Overall, the fireballer threw 82 pitches with his fastball sitting at 97-99 through the first three innings and touching 100 a few times (according to the stadium gun as reported by the play-by-play announcer). His 83-mph hammer curve was generally effective and he flashed an 89/90-mph changeup with diving, tailing action that resembled a two-seam fastball. With three "plus to plus-plus" offerings, Strasburg's stuff is unrivaled in both the minors and majors. While money considerations will dictate the timing of Strasburg's MLB debut, his command will determine whether he is just the best pitcher on the Nationals or one of the best hurlers in the National League this year.

While I didn't watch Chapman, his pitching line (4.2-5-1-0-1-9) suggests that he dominated Toledo batters at times. According to an article, the Cuban defector "fired 10 pitches that read 99 mph or faster and five that traveled at least 100 mph." Mud Hens outfielder Brennan Boesch struck out twice on 101- and 100-mph heaters.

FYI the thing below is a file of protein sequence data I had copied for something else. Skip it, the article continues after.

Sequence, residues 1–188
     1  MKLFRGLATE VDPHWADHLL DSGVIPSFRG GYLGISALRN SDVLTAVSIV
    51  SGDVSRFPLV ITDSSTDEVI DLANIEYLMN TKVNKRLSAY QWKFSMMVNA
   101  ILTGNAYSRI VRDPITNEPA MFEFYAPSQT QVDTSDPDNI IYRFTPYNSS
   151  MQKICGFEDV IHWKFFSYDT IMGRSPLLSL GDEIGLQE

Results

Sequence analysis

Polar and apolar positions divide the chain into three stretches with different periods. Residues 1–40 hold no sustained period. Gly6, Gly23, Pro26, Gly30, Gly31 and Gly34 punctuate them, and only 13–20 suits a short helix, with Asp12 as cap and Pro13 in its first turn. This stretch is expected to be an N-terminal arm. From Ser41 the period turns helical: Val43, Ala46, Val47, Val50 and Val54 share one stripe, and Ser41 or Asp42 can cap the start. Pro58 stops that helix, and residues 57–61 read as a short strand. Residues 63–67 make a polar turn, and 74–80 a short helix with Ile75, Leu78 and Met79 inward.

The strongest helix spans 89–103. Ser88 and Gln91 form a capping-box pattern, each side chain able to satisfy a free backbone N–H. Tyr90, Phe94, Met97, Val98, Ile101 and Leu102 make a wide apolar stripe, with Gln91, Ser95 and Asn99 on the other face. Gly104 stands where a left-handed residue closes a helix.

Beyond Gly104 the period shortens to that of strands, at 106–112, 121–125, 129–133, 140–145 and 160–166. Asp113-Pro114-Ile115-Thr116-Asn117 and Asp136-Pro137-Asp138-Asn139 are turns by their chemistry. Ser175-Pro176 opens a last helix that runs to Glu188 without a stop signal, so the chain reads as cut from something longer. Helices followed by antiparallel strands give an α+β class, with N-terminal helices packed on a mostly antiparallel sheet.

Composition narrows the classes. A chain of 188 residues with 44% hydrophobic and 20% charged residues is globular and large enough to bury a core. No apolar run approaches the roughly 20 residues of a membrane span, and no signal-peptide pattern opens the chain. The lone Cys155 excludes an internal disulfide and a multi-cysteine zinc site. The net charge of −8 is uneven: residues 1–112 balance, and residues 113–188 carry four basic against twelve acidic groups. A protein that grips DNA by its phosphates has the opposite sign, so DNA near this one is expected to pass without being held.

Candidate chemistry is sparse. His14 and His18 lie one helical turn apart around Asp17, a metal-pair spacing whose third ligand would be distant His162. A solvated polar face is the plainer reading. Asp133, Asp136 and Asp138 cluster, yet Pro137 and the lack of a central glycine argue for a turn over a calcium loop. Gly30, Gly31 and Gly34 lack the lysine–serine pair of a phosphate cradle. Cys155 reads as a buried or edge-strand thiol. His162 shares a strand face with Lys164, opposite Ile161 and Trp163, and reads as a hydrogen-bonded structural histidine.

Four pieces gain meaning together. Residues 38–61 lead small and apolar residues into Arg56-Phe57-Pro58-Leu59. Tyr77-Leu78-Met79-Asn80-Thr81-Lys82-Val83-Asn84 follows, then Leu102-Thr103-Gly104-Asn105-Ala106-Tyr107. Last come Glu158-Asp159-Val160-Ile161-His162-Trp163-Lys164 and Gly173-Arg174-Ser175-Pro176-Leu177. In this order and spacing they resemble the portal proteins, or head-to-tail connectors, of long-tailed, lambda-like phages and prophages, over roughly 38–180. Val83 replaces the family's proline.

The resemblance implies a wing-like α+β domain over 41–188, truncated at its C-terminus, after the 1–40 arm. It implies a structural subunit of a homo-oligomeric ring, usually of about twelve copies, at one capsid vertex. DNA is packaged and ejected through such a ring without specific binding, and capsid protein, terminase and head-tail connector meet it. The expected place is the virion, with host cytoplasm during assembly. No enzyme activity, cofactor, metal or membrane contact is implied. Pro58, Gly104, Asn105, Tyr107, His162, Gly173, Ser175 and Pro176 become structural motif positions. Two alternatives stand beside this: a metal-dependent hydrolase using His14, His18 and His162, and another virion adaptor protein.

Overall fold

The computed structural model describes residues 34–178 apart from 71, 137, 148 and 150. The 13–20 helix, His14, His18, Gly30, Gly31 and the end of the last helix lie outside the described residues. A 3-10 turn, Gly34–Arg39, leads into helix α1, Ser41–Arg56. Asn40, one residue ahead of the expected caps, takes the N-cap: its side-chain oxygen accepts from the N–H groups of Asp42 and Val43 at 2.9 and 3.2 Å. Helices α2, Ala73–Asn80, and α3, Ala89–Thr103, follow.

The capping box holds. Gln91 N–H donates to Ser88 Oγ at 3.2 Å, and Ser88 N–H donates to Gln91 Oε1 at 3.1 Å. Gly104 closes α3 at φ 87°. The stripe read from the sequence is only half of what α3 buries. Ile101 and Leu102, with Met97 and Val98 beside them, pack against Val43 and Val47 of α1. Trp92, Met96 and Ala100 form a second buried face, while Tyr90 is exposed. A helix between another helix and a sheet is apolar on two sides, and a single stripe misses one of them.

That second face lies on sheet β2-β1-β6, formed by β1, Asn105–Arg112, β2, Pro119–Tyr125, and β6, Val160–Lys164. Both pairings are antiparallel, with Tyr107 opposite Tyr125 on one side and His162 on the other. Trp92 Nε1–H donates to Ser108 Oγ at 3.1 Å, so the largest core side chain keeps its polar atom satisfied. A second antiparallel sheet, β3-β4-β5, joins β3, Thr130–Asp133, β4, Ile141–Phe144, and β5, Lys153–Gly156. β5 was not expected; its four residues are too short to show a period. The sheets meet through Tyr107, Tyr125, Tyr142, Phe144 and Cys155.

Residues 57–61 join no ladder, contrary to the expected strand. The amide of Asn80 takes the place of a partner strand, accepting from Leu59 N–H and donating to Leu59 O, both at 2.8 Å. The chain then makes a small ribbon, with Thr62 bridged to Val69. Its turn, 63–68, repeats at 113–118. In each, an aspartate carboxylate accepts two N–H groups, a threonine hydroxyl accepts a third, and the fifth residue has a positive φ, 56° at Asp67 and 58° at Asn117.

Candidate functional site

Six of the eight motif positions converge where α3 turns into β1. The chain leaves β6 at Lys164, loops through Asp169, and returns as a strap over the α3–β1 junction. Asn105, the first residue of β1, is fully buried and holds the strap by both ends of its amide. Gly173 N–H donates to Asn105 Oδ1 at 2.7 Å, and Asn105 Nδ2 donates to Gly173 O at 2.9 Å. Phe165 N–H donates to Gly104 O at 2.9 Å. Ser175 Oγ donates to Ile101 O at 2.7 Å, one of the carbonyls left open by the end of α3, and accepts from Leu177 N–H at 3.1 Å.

Louisville manager Rick Sweet said, "No debut compares to that at this level. As soon as the radar gun hit 100, you could hear the buzz in the ballpark."

Toledo manager Larry Parrish, who spent 15 years in the majors, was impressed with the 6-foot-4, 185-pound southpaw's arm strength but noticed mechanical flaws in his delivery. "He wasn't J.R. Richard or Nolan Ryan out there. Today, he walked one. In the big leagues, he would've walked eight. Would you like to have him? Heck yeah, but he's just not a finished project yet."

Well, the kid is only 22 with one professional game under his belt. Give him some time. As Sweet opined, "He could probably pitch in the big leagues right now and have success. The timetable is nothing more than him getting his whole game together. He's got some things to work on other than pitching."


I'm curious about why it would be more difficult to hit in front of the pitcher rather than in any other lineup spot. Have there been any studies done on this issue or is it just an old baseball cliche?

Pitchers are more apt to work around hitters (especially those who can actually do damage) who bat in front of pitchers, particularly in certain situations than they might otherwise. I'm not aware of an article on this subject per se although this article from The Hardball Times re pitchers batting eighth is a worthwhile read and has a number of links that may be of interest.